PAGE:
Talking of dependency, I have rarely seen a more cynical exercise than The Gambler (Wednesdays, 10.35pm, Channel 4), in which, instead of a fee, the writer Jonathan Rendall is given £12,000 with which to bet. In the hands of a sympathetic, detached journalist such as Louis Theroux, an informative examination of the gambling industry would doubtless attach itself to this narrative bone. But Rendall, rarely seen without a cigarette or a drink in his hand, and whose early-morning pallor refreshes the adjective seedy, gives every impression of being an addictive personality for real.

The second instalment is better than the first, which wasted far too much time on irrelevancies such as his back garden, because it took Rendall to Australia and Hong Kong, and thus at least contained insights into different gambling cultures. However, its own probing eye's fixation on Rendall's sweaty, grimly hopeful face as each race is run (and lost) continues to make a major contribution to the television of cruelty. I would suggest that Channel 4 gives £12,000 to a drug user to see if he spends it on rehab or heroin, if I didn't think Tim Gardam might seriously consider the idea.

Andrew Billen is a staff writer on the London Evening Standard

See Bee Wilson's round-up of the year's cookbooks

Andrew Billen has worked as a celebrity interviewer for, successively, The Observer, the Evening Standard and, currently The Times. For his columns, he was awarded reviewer of the year in 2006 Press Gazette Magazine Awards.

Getty Images.
Show Hide image

Is anyone prepared to solve the NHS funding crisis?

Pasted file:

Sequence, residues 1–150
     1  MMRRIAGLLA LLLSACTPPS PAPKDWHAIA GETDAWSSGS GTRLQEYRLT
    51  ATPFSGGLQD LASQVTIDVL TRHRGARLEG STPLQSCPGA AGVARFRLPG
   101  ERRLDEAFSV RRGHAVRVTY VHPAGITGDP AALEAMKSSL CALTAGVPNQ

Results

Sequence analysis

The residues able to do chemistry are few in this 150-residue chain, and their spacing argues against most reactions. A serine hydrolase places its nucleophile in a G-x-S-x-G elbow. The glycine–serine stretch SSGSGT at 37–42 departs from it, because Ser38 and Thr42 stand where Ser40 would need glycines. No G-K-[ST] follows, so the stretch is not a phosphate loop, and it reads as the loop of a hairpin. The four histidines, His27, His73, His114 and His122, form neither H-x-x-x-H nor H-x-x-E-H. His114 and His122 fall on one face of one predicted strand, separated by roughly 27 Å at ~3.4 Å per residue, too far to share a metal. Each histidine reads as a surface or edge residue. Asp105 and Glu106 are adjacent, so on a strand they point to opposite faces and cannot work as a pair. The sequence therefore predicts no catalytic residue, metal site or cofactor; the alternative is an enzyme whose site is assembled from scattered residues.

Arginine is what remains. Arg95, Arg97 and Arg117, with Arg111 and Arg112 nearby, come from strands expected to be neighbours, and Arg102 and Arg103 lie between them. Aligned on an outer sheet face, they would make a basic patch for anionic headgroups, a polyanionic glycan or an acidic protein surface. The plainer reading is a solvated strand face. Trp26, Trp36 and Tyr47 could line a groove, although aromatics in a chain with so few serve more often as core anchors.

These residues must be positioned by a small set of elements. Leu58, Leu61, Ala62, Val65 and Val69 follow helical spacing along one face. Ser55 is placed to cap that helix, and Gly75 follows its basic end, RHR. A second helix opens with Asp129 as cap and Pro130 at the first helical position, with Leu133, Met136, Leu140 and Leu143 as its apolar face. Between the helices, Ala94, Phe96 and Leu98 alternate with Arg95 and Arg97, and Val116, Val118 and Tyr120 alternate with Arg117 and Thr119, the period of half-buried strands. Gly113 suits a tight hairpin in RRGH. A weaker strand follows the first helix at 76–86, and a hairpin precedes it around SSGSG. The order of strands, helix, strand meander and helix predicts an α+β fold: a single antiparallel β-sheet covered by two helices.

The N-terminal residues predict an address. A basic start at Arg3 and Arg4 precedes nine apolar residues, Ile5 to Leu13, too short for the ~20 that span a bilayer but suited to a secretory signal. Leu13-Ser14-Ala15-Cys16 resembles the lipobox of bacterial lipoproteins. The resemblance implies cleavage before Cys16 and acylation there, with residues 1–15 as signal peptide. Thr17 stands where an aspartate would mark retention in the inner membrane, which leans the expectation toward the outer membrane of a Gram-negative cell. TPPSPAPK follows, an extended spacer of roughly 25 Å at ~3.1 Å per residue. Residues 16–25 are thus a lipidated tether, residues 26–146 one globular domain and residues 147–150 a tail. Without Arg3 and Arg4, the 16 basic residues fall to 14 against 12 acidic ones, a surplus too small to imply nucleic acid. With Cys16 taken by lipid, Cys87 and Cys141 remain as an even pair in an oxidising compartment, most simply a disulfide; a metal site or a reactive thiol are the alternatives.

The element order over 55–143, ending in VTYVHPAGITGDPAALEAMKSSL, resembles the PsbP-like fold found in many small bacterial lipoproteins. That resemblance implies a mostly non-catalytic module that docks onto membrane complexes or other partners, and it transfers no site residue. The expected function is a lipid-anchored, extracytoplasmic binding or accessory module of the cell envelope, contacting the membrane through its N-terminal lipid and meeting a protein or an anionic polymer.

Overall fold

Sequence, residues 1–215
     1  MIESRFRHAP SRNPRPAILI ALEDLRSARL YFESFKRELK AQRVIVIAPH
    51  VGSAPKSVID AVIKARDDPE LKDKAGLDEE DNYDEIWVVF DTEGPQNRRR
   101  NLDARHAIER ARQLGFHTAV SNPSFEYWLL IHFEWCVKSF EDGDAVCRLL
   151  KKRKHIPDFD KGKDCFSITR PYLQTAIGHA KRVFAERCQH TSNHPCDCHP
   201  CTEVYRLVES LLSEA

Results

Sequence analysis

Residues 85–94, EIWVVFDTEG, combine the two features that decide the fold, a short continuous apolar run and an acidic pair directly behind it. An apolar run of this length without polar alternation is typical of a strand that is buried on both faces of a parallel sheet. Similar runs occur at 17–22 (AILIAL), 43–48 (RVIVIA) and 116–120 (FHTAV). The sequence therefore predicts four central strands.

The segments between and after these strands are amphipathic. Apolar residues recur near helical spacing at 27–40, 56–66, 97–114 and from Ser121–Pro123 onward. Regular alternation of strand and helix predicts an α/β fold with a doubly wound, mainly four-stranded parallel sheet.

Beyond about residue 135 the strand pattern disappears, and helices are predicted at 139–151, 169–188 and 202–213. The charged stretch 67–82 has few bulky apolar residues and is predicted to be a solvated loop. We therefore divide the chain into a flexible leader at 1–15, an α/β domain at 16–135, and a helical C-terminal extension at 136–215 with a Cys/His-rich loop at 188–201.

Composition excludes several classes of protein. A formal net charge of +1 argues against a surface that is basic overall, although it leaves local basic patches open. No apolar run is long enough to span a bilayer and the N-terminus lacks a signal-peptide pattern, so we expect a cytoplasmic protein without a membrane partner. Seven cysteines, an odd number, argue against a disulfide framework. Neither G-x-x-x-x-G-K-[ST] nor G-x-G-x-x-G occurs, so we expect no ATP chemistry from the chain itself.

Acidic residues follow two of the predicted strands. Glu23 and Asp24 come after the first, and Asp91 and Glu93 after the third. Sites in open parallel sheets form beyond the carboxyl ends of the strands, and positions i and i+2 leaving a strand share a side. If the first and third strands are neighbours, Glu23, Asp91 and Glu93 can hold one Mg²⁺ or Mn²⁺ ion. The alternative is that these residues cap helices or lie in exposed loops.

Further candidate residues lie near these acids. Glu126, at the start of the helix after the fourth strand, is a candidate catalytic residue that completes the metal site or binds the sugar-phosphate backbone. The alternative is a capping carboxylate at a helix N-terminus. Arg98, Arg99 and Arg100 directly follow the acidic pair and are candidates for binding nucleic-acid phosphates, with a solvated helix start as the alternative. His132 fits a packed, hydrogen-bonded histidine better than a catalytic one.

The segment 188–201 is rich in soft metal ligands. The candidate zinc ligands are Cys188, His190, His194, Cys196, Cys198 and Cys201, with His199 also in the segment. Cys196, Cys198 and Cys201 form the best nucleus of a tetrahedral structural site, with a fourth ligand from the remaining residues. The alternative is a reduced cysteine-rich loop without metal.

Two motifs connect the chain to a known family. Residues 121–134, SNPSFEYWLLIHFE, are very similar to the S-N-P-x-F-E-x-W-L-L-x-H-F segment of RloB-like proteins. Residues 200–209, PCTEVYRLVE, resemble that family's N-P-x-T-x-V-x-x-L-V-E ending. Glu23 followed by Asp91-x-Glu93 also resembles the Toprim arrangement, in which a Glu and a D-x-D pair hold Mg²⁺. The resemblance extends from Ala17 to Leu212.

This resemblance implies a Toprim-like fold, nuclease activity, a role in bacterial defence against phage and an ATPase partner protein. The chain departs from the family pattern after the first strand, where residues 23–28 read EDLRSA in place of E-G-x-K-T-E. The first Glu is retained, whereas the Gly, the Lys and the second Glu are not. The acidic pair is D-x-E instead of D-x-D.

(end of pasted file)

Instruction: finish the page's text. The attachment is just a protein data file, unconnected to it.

As long as the political taboo on raising taxes endures, the service will be in financial peril. 

It has long been clear that the NHS is in financial ill-health. But today's figures, conveniently delayed until after the Conservative conference, are still stunningly bad. The service ran a deficit of £930m between April and June (greater than the £820m recorded for the whole of the 2014/15 financial year) and is on course for a shortfall of at least £2bn this year - its worst position for a generation. 

Though often described as having been shielded from austerity, owing to its ring-fenced budget, the NHS is enduring the toughest spending settlement in its history. Since 1950, health spending has grown at an average annual rate of 4 per cent, but over the last parliament it rose by just 0.5 per cent. An ageing population, rising treatment costs and the social care crisis all mean that the NHS has to run merely to stand still. The Tories have pledged to provide £10bn more for the service but this still leaves £20bn of efficiency savings required. 

Speculation is now turning to whether George Osborne will provide an emergency injection of funds in the Autumn Statement on 25 November. But the long-term question is whether anyone is prepared to offer a sustainable solution to the crisis. Health experts argue that only a rise in general taxation (income tax, VAT, national insurance), patient charges or a hypothecated "health tax" will secure the future of a universal, high-quality service. But the political taboo against increasing taxes on all but the richest means no politician has ventured into this territory. Shadow health secretary Heidi Alexander has today called for the government to "find money urgently to get through the coming winter months". But the bigger question is whether, under Jeremy Corbyn, Labour is prepared to go beyond sticking-plaster solutions. 

George Eaton is political editor of the New Statesman.